No commitment to ensure or prioritize the hiring of Philadelphia residents
No commitment by UIL to retain ownership of all or some of PGW’s assets for any period of time after the sale
No Economic Opportunity Plan to ensure equal employment opportunities for women, minorities and the disabled or to include Disadvantaged Business Enterprises in UIL’s procurement of goods and services
No commitment by UIL to maintain a local presence beyond its guarantee to keep PGW headquarters in Philadelphia for three years

Moreover, Concentric’s review of the APA revealed the potential for negative impacts on the citizens of Philadelphia, including:

The possibility that household and business bills could increase despite UIL’s commitment to a three-year base rate freeze. Because the base rate accounts for approximately 50 percent of the total consumer bill, UIL could raise consumer payments through mechanisms such as automatic rate adjustment riders, charges and surcharges.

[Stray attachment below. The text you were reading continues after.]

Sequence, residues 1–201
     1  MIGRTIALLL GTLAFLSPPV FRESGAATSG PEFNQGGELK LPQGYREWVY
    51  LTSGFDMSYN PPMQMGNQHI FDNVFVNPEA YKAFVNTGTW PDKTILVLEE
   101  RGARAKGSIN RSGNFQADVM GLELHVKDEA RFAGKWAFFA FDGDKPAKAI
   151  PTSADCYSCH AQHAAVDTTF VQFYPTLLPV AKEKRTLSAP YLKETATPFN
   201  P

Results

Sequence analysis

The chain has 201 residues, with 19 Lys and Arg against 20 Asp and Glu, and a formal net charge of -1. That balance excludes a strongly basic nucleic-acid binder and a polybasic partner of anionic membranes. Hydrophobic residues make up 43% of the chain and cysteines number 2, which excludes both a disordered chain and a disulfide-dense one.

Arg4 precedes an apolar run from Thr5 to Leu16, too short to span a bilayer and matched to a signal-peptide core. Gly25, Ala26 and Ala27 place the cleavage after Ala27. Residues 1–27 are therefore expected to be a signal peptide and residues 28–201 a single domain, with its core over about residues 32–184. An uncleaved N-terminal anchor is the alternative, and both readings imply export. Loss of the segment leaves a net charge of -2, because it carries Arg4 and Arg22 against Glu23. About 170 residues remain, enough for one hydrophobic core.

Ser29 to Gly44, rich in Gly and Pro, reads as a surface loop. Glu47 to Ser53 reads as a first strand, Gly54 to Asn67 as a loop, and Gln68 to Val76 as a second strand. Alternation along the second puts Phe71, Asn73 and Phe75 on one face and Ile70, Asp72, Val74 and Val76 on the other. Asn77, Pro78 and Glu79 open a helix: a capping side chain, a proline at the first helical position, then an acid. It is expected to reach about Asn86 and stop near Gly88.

Under corporate ownership, UIL could depart from PGW policy and foreclose on liens or sell liens to a third party for collection, setting the stage for crisis among residents or businesses who cannot afford to pay due to hardship or other circumstances.
City government would no longer have input into base rate hikes linked to PGW budgetary and spending priorities because of the removal of municipal oversight.

“I would like to thank all of the parties invested in this sale as proposed – including the Administration, UIL and PGW – for their patience as Council performed its due diligence on what would have been the largest municipal privatization in Philadelphia’s history. I also thank the team from Concentric Energy Advisors for its expertise and assistance throughout Council’s review,” Council President Darrell L. Clarke said.